Water, in this way, is the main vehicle that carries the nutrients of the sponges. This, as it circulates, carries with it the particles and microorganisms that end in one way or another by touching the surface of the pores, in whose structure are the ostioles, or external pores that absorb this liquid.

Stage 2: Processing

According to the above, this stage can not be classified as digestion because the sponges do not digest food as do the higher animals.

However, this does not mean that the porifers do not have the means to use the nutrients absorbed in the water; Rather, they process their food by the mechanism of phagocytosis, with which the organic particles are wrapped and decomposed inside.

The archaeocytes and the coanocitos are those that are in charge of phagocytizing the organic particles that penetrate through the vibratile chamber.

These particles may be large or small, but all are ultimately digested at the intracellular level after having crossed the channels that communicate the ostiolos and that are trapped in the flagellated channels.

That is to say, in the channels that have like protuberances with form of scourge or whip through which they pass to the coanocitos and arqueocitos.

Stage 3: Excretion

When the organic particles have been absorbed by the inhalant pores and captured in the flagellate channels, the coynotites and the archeocytes are responsible for digesting them by phagocytosis.

The remaining cellular waste can not remain in the body, so they must leave the sponges through a process of excretion or, rather, expulsion of those wastes. These are the result of the processing stage of microscopic nutrients.

But not everything that exits through the exhalation channel is necessarily a product of what has been digested inside the poríferas.

It is also possible that sponges, as a defense mechanism (ie have no immune system), remove particles that are too large or those inorganic particles that can not nourish them, such as grains of sand.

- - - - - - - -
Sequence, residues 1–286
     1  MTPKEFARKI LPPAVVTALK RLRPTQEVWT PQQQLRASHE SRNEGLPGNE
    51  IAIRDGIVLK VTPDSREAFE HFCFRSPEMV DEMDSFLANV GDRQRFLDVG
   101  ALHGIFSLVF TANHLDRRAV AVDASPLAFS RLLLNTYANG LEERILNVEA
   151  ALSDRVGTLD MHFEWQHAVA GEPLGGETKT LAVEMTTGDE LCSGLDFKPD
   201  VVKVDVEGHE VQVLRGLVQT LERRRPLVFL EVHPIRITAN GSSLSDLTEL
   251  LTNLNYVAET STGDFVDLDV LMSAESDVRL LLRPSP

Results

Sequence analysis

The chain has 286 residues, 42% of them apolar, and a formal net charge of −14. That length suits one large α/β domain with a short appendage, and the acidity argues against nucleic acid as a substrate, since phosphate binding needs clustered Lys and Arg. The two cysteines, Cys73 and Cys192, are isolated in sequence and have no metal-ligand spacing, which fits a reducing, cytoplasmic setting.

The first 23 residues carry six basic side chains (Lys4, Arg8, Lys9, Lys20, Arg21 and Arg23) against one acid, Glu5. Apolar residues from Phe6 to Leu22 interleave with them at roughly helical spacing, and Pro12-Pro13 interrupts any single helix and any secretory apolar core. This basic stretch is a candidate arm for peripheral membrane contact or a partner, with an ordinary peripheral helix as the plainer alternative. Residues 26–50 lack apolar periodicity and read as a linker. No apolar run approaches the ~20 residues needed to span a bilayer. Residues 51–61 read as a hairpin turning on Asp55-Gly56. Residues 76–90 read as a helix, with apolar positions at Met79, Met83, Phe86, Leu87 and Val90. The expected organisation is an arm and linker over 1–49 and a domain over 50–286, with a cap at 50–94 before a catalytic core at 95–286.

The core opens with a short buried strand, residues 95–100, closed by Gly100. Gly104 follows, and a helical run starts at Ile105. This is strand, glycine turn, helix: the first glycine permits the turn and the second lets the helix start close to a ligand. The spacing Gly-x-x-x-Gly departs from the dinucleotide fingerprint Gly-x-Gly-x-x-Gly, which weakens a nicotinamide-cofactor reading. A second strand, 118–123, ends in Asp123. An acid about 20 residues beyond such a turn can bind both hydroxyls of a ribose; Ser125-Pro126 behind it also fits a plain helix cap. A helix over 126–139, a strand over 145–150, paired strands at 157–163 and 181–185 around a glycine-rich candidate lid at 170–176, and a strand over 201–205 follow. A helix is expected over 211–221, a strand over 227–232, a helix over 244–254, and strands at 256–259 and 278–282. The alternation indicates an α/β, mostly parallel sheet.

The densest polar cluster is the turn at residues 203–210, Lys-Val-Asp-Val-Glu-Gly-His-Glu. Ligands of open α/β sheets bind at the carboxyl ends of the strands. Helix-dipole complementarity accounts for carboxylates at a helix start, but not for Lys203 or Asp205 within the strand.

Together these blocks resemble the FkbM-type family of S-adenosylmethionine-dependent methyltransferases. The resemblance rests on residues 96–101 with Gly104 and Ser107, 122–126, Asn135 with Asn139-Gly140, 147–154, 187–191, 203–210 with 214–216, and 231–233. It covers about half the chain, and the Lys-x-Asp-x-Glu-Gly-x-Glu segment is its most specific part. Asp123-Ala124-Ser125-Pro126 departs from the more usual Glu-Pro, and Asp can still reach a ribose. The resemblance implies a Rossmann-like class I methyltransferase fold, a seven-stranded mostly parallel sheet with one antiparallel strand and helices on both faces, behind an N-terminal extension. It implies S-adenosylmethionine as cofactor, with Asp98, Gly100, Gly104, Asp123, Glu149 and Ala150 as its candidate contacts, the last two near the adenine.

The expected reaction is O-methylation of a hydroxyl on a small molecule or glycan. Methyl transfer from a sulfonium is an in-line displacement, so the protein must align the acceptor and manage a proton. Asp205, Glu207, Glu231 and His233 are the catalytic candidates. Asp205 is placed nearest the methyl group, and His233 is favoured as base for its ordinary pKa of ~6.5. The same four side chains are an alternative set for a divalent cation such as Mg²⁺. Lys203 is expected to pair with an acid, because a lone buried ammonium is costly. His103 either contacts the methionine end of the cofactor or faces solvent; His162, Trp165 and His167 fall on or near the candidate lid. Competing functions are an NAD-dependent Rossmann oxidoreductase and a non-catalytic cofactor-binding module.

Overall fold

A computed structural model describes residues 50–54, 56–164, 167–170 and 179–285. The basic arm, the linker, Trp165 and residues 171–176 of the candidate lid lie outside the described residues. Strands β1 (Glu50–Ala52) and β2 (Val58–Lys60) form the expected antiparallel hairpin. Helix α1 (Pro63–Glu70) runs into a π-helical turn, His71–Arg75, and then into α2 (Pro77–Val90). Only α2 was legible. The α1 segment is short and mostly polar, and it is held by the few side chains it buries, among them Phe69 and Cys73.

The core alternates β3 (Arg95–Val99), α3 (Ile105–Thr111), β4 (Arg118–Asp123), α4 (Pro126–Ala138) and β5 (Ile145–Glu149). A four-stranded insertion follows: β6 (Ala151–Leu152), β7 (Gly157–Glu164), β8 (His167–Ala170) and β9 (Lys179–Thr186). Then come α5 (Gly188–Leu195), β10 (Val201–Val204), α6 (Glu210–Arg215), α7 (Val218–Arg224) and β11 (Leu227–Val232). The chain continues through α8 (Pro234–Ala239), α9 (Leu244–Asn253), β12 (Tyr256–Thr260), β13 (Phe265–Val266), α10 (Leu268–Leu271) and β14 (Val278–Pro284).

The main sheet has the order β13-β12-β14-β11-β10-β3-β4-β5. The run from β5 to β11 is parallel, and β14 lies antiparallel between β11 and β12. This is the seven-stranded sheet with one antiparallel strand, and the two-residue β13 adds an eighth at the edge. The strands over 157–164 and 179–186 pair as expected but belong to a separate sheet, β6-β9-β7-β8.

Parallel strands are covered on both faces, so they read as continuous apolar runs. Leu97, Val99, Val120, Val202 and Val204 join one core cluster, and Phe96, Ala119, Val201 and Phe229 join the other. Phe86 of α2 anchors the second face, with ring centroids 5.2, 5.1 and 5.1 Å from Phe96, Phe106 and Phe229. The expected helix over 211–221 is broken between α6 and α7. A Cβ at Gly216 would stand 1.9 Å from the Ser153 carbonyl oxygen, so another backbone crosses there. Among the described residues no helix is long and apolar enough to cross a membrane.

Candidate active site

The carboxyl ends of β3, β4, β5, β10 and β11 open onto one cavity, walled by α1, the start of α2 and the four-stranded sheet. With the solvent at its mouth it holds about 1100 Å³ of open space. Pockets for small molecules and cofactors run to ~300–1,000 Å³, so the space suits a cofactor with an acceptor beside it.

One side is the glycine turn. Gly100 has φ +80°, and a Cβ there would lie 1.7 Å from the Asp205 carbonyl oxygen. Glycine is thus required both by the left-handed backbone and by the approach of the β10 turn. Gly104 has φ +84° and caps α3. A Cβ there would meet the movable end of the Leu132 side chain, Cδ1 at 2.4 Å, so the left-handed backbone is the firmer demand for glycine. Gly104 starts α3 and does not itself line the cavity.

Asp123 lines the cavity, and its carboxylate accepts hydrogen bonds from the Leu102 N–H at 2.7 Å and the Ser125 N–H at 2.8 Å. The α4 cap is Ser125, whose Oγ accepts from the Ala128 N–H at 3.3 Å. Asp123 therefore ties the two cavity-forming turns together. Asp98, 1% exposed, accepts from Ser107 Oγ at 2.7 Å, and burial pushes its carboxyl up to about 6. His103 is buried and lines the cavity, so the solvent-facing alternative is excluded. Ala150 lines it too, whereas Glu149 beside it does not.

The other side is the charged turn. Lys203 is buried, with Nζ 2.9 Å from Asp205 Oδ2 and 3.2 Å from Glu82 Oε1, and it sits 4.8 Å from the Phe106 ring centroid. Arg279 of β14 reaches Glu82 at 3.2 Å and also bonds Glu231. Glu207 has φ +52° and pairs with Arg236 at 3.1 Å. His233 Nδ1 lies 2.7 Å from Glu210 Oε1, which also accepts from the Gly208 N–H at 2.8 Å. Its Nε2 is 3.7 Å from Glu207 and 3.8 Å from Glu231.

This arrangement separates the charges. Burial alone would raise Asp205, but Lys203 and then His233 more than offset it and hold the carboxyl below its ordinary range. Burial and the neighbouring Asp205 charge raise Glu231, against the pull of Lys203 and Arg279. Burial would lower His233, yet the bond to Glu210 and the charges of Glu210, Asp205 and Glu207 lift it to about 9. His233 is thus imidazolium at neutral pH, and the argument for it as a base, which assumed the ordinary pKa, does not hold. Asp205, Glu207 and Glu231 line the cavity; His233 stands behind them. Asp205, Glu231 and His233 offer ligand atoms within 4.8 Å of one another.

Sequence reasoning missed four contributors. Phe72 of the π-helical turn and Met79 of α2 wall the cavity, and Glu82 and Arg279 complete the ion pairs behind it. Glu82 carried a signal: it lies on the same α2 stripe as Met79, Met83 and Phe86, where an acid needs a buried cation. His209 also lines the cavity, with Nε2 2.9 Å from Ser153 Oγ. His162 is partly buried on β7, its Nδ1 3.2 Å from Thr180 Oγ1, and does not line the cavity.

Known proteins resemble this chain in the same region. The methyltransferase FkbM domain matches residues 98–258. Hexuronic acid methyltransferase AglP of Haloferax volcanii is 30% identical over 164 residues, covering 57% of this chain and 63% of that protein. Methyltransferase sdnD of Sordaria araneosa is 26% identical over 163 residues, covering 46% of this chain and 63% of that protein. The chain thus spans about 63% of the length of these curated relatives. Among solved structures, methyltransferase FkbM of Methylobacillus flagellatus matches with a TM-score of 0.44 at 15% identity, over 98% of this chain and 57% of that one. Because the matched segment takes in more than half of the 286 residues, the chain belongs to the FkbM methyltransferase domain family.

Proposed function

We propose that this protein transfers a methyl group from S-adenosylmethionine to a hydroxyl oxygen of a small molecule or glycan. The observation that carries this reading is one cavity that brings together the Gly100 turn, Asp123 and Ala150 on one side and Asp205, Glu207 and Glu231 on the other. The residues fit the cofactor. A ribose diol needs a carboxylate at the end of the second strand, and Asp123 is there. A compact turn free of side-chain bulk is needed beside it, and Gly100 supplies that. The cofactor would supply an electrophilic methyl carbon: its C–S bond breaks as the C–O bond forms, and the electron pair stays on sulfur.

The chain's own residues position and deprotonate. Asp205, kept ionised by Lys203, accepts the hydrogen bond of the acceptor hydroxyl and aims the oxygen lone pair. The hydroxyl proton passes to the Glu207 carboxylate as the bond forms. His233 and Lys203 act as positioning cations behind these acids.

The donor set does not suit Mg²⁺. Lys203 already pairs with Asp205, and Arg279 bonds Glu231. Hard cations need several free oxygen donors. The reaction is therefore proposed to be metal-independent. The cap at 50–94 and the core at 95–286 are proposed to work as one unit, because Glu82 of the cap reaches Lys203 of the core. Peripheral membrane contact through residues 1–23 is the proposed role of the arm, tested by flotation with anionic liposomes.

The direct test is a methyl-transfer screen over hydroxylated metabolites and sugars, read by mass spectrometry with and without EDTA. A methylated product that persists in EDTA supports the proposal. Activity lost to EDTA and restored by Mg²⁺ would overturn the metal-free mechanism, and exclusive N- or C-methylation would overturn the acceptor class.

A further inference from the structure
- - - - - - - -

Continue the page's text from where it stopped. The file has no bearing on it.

In any case, all this leaves the kiss and completes the feeding cycle.

In short, sponges feed like this:

  1. The pores absorb the nutrients that are in the water. These are usually microorganisms and organic particles.
  2. Flagellate channels capture nutrients. Archaeocytes and coyocytes break down the particles by phagocytosis.
  3. Waste and particles that can not be absorbed leave the kiss.


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  4. Hickman, C., Jr.; Roberts, L. and Larson, A. (2003). Animal Diversity, 3rd edition. New York: McGraw-Hill.
  5. Murphy, Richard C. (2002). Coral Reefs: Cities Under The Seas. New Jersey: The Darwin Press, Inc.
  6. Piper, Ross (2007). Extraordinary Animals: An Encyclopedia of Curious and Unusual Animals. Connecticut: Greenwood Publishing Group.
  7. Vacelet, J. and Duport, E. (2004). "Prey capture and digestion in the carnivorous sponge Asbestopluma hypogea (Porifera: Demospongiae)". Zoomorphology, 123 (4), pp. 179-190.
  8. Watling, L. (2007). "Predation on copepods by an Alaskan cladorhizid sponge". Journal of the Marine Biological Association of the United Kingdom, 87 (6), pp. 1721-1726.